A 33-Year-Old Woman With Rigidity and Stereotypies

James Robert Brasic, MD, MPH

Disclosures

April 25, 2017

Fragile X syndrome is an X-linked dominant genetic disorder and is considered the most common etiology for inherited intellectual disability and autistic behaviors. Both males and females can be affected, but the impact on cognitive ability differs between the sexes: Males are more seriously affected and have moderate intellectual disability, whereas females have mild impairment. In the United States, fragile X syndrome affects about 1 in 4000 males and 1 in 8000 females.[23]

Females with fragile X syndrome have a normal appearance, whereas affected males have distinctive phenotypic features. Salient craniofacial findings include macrocephaly; a long face; prominent forehead and chin; and large, protruding ears. Macroorchidism is seen in postpubertal males. Delayed motor development, language delay, hyperactivity, and autistic mannerisms are described in affected males with moderate intellectual disability.[24,25]

Fragile X syndrome is caused by a mutation in the FMR1 gene located on the X chromosome (Xq27.3). For patients, the severity of the syndrome is determined by the number of trinucleotide repeats (CGG) present within the FMR1 gene. Expansion of CGG repeats leads to an inability to produce the FMR protein, a protein involved in cerebral neuronal function.

Early intervention programs to address intellectual deficits in patients with fragile X syndrome can help facilitate optimal growth and development. Newborn screening for fragile X syndrome is being considered, although at present, it is not available as part of the newborn screening program in the United States. Medications to address behavioral concerns and improve quality of life for patients with fragile X syndrome are being investigated, Presently, 22 controlled studies have been cited; 19 of the 22 (86%) are registered on the National Institute of Health website.[24,25,26]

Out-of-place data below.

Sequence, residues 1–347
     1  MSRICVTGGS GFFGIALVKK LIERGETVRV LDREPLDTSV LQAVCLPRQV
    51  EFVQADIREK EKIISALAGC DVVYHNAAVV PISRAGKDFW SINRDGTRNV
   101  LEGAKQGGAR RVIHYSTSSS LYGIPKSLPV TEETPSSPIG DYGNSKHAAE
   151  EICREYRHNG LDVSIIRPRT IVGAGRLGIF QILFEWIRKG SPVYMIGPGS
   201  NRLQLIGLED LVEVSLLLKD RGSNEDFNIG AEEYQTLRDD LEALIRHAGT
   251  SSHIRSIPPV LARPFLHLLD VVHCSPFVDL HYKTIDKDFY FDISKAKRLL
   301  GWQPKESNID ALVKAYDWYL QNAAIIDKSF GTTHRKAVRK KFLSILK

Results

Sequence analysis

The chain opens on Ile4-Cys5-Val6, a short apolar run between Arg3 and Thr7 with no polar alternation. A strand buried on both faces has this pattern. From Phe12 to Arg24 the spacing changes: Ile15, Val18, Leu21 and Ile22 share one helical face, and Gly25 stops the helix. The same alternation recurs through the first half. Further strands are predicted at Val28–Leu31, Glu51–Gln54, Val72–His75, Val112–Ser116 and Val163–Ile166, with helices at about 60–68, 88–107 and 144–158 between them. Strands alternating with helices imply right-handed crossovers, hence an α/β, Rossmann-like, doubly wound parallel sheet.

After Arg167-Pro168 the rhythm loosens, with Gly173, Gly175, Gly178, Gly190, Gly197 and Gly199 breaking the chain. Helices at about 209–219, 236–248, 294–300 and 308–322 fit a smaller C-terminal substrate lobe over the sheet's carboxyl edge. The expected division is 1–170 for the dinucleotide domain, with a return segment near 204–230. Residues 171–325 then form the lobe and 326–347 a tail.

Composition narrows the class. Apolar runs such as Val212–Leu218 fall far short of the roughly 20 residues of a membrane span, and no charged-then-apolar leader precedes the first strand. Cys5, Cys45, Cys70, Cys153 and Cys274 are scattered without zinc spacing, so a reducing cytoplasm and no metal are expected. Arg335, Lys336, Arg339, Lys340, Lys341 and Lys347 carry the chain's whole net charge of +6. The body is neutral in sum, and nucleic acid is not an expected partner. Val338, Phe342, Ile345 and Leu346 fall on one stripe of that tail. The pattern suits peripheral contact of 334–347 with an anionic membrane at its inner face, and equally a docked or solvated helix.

Figure 3.

The female patient in this case challenge participated in an investigation to examine acetylcholine in the brains of women with Rett syndrome and healthy men and women.[27] Men with Rett syndrome are extremely rare. Because males have only one X chromosome, the defect of this X-linked condition is apparently lethal in utero, leading to miscarriages. The density of the acetylcholine vesicular transporters in the living human brain can be estimated by single-photon emission computed tomography after the administration of (-)-(2R,3R)-2-hydroxy-3-(4-phenylpiperidino)-5-[123I]iodotetralin, (-)-5-[123I]iodobenzovesamicol ([123I]IBVM).[27] The scans of the patient and three other women with Rett syndrome exhibited reduced uptake in the brain, in contrast to the scans of eight healthy men and women (Figure 3).

The lower panels in the image demonstrate the average representations of the women with Rett syndrome, whereas the upper panels show the averaged images of the healthy adults. The right side of each picture corresponds to the right side of the brain. The top of each image corresponds to the anterior (front) of the brain. The panels represent transverse images at the level of the cerebellum (left), striatum (middle), and cingulate gyrus (right). Reduced uptake is demonstrated in the vermis (left lower panel), the striatum (middle lower panel), and in bilateral precentral cortices (left lower panel) and middle cingulate (right lower panel). The changes do not attain statistical significance, probably owing to the small sample sizes.[27]

Although this patient has the ability to feed herself and to walk without assistance, most patients diagnosed with Rett syndrome require assistance with eating, walking, dressing, toileting, and other basic activities of daily living. People with Rett syndrome typically require assistance and supervision for their entire lives owing to their profound intellectual disability, as is the case with the patient described in this case.

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